20 Fun Facts About “Dracula 2000”

Dracula remains of the most iconic horror villains of all time.  First appearing in the 1897 novel, he’s a character that holds a Guinness World Record for the most amount of adaptations.  So many people have played the role that we even did a list ranking each of them.

So as the dawn of the new millennium came, Miramax and Dimension sought to bring Dracula into the “modern” era with Dracula 2000, a title that includes both the main villain and the year of its release.  So in honor of this movie’s 20th anniversary, we thought it would be fitting to look at 20 fun facts about Dracula 2000!

1. The film was produced by the now disgraced and criminally convicted Harvey Weinstein. Apparently Weinstein hated the original script and only bought it because he liked the titled Dracula 2000.

In hindsight, the title is a bit gimmicky and really dates the movie.

2. Director Patrick Lussier had primarily worked as an editor for Wes Craven (who also served as executive producer on this movie). Lussier edited Wes Craven’s New Nightmare, the first three Scream movies, Cursed, and Red Eye.

3. Scott Derrickson did an uncredited rewrite, even serving as a script doctor. He would later go on to directed The Exorcism of Emily Rose, Sinister, Deliver Us From Evil, and Doctor Strange.

4. Finding a Dracula was no easy task. Even as the rest of the cast arrived in Toronto for shooting, the role still hadn’t been cast.  Producers spent months looking over audition tapes.

5. For the role of Van Helsing, Christopher Plummer was one of the very first choices and he accepted the role immediately because he’s a huge Dracula fan.

6. Prior to filming, Dracula actor Gerard Butler already had long hair and beard from playing Attila the Hun. He felt that this would be a good look for Dracula and wanted to keep it, however the producers wanted him clean shaven so “Dracula would be sexy”.

He kinda looks more badass in his audition tape.

7. Lussier’s goal was to reinvent Dracula in a modern sense and make it “fun, not but campy”.

8. Dracula 2000 contains a myriad of references to the original source novel. Some of them include character names like Dr. Seward, the line “I never drink coffee” (referencing “I never drink wine”), and the font used the film’s titles being the same as the first edition of the novel.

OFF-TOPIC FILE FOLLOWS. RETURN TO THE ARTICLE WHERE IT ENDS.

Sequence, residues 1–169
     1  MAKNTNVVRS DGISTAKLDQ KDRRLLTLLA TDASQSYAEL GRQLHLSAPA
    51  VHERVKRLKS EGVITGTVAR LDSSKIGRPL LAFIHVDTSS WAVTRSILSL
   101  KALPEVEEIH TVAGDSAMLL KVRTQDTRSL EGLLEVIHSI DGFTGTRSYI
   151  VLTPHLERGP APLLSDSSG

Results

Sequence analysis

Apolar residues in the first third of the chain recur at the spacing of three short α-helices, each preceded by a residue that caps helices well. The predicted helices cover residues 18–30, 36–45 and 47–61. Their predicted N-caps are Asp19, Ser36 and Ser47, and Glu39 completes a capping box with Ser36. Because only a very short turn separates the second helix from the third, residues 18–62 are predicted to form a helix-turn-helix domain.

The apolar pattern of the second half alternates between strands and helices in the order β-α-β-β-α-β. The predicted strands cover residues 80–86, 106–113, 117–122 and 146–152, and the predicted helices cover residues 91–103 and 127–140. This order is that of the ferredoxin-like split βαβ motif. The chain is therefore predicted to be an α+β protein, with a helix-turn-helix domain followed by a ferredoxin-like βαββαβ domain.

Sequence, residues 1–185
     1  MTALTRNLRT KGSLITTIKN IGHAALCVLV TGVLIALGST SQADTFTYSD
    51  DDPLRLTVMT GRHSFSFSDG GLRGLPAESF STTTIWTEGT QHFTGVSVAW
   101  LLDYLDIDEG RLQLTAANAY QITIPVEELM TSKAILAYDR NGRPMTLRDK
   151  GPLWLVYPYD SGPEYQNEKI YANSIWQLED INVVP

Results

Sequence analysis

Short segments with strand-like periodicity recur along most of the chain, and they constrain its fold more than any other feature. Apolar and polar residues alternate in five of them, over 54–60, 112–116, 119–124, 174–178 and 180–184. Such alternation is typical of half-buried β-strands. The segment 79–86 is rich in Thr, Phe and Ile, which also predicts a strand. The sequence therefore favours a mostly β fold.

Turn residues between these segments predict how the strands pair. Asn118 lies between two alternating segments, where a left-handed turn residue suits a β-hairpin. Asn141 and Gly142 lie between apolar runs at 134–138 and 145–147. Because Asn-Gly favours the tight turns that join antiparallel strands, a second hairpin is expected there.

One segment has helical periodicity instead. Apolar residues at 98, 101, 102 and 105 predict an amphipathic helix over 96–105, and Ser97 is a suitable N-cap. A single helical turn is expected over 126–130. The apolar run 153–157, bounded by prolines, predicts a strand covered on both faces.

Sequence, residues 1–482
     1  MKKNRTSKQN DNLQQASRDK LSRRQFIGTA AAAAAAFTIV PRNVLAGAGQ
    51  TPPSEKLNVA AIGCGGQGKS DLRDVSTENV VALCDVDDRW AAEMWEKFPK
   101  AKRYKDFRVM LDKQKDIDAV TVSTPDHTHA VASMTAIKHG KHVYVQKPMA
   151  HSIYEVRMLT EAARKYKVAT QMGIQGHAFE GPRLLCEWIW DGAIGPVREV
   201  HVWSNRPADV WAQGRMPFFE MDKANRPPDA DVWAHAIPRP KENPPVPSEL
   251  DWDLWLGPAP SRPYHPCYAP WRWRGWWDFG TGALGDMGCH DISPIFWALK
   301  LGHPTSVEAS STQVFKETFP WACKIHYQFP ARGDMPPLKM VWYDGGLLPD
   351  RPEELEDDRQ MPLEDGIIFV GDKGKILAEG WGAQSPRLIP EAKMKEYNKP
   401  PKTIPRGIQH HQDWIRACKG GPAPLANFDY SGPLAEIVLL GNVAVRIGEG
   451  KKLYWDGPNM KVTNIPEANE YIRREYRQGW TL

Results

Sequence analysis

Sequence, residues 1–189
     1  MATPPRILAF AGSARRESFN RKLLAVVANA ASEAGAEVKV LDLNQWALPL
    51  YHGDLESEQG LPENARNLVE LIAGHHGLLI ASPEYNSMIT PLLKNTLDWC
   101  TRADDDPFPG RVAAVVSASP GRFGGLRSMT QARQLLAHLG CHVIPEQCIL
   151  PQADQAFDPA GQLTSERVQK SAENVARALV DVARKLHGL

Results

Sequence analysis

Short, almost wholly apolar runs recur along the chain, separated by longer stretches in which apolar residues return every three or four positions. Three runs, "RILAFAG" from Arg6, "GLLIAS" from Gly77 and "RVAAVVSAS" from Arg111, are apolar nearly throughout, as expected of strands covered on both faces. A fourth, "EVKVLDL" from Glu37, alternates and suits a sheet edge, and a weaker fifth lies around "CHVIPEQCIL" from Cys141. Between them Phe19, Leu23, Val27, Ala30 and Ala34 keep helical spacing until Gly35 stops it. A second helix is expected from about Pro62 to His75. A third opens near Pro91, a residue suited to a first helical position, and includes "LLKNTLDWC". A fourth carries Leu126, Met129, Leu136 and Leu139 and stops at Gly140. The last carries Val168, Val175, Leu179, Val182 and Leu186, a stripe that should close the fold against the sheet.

9. According to Gerard Butler, the vampire fangs were a bit of a nightmare. He said they would often crack and even scratch other actors’ necks when filming.  All of this caused him a great deal of irritation in his own teeth and gums.

10. Despite taking place during Mardi Gras, the movie was shot in the summer and released in December.

11. On the first day of shooting, Gerard Butler approached director Patrick Lussier and said that he didn’t realize that they’d be shooting so late at night. To which Lussier replied, “Gerry it’s a movie about Dracula.  Did you think we’d be shooting during the day?”

12. Unusual for most movies, Lussier edited the movie himself, and would often be working on it after shooting had wrapped.

13. In one scene at the record store, actress/musician Vitamin C is standing right in front of one of her on CDs up on the shelf.

14. Dracula 2000 is one of the rare adaptations where Dracula’s origin isn’t Vlad the Impaler, but rather he is Judas Iscariot.

Judas is tied to the vampire origin, and it’s the reason behind vampires being weakened by silver (since Judas was paid 30 pieces of silver to turn on Jesus).

15. There was pressured to get the film out by the end of 2000 (given the title), and since shooting didn’t start until summer, Lussier had to minimize the post-production stage by editing during production.

16. The film was generally considered a flop, grossing only $47.1 million on a $54 million budget.

17. Both audiences and critics mostly panned the movie. It currently holds a 17% rating on Rotten Tomatoes

18. Despite its reception, Dracula 2000 was nominated for Best Horror Film at the Saturn Awards, but lost to Final Destination.

19. Patrick Lussier went on to direct two direct-to-video- sequels that largely went unnoticed.

Comment if you’ve actually seen either of these…

20. The film’s score (composed by Marco Beltrami) was re-released in July 2020 as part of a larger collection of film scores called Little Box of Horrors.

Which of these did you already know?  Which ones surprised you?  What’s your favorite Saw movie?  Let us know in the comments!

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